Mr. Patwardhan was one of the first to provide a vision of sustainable transport for the city based on walking, cycling and public transport.
Sujit Patwardhan, 77, passed away at Joshi hospital in Pune where he had been admitted a few days earlier due to health complications arising out of a liver problem.
Mr. Patwardhan founded Parisar in the 1980s out of concern for the rapid changes happening in the city leading to environmental degradation. He had been influenced by changes taking place in Latin America and Europe, where people’s movements had forced Governments to reconsider “automobile-centric” policies paving the way for a focus on walking, cycling and public transport or “people-centric” cities. The organizational newsletter, Parisar Varta, carried translations of such articles and was the first time such ideas were propagated in the city. Parisar in its early days organized public lectures by luminaries such as Vandana Shiva, Bittu Sehgal, Medha Patkar, MN Buch, Ramchandra Guha, Madhav Gadgil and Amulya Kumar Reddy on a variety of issues connected with the environment and sustainable development. An early and long-term supporter of the Narmada Bachao Andolan, Mr. Patwardhan saw transport policies being linked to various aspects of human well-being, such as air pollution, road safety and heritage conservation. He vociferously opposed road widening, flyovers and such projects which not only promoted more motorization but also destroyed the aesthetics of the city. Under his leadership, Parisar fought against the destruction of the river and hills, helped draft the city’s first Comprehensive Traffic and Transport Policy, and when necessary took up cases such as opposition to the river road all the way to the Supreme Court. He was a member of the Mahabaleshwar Heritage committee where he fought to preserve the hill station’s ecology.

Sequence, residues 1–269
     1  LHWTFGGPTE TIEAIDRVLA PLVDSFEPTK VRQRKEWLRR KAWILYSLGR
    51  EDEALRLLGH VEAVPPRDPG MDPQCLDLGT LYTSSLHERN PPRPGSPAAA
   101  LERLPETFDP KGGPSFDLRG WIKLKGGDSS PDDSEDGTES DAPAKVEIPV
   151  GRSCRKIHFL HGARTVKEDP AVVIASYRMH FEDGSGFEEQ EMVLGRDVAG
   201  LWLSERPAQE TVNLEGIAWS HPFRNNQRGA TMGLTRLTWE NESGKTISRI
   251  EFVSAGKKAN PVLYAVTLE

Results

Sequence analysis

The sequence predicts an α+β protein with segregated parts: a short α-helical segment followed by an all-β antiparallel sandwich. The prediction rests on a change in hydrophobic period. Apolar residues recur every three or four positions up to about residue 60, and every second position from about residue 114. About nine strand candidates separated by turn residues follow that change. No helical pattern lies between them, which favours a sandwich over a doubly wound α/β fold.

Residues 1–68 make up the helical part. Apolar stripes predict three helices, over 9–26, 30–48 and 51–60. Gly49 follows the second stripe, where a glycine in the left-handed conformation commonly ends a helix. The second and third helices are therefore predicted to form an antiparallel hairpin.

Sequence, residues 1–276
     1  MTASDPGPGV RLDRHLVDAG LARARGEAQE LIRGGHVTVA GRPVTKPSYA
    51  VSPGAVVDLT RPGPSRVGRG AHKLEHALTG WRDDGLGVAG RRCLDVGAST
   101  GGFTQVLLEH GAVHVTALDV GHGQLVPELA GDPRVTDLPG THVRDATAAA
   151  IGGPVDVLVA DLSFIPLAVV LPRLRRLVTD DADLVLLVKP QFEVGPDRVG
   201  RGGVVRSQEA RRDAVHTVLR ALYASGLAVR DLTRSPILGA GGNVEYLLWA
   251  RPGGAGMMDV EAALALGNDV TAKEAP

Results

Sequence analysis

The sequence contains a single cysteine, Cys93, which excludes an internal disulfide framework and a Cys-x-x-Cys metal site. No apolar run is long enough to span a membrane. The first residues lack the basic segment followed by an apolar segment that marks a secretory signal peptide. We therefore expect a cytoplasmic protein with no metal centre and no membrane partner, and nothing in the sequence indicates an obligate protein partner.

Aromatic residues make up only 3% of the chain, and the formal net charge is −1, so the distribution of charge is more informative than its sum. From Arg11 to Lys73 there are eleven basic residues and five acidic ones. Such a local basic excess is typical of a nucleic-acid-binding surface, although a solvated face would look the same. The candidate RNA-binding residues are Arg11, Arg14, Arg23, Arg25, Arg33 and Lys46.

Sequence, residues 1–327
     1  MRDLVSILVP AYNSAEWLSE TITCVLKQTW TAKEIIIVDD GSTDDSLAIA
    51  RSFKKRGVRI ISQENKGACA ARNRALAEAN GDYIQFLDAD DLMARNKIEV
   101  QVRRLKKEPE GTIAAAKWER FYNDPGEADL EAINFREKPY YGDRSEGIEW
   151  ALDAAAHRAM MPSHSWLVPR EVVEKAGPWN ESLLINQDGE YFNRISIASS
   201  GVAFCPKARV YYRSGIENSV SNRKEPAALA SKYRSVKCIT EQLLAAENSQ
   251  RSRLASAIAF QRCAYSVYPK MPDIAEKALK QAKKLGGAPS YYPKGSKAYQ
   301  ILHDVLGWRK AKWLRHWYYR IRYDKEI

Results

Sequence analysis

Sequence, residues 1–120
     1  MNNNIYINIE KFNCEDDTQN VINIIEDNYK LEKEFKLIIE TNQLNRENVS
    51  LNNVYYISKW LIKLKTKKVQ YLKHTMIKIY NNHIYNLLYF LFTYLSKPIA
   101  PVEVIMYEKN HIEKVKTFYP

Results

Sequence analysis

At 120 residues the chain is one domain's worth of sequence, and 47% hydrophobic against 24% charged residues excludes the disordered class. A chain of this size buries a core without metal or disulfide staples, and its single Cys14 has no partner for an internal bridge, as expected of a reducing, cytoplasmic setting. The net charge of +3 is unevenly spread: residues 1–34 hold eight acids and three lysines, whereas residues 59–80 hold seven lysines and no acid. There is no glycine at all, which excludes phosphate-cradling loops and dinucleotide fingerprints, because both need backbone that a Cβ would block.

Mr. Patwardhan hailed from the famous Patwardhan family, his uncles Achyutrao and Rao Saheb Patwardhan were involved in India’s freedom movement and his father was an ICS officer. He studied at Rishi Valley School. He studied printing technology in the U.K and later set-up his own printing press, Mudra in Narayan Peth in 1976, which he ran until a few years ago. He was an amateur artist, loved typesets and calligraphy, a member of the Pune Jazz club, an avid photographer, a tennis fan and enjoyed offbeat cinema and documentaries. In short, things in which he saw beauty.
He is survived by his wife Mrs. Vidya Patwardhan, an educationist, and daughters Lara and Amrita Patwardhan as well as four grandchildren.
Issued by Parisar
Ranjit Gadgil, Program Director
Read about some of his work here: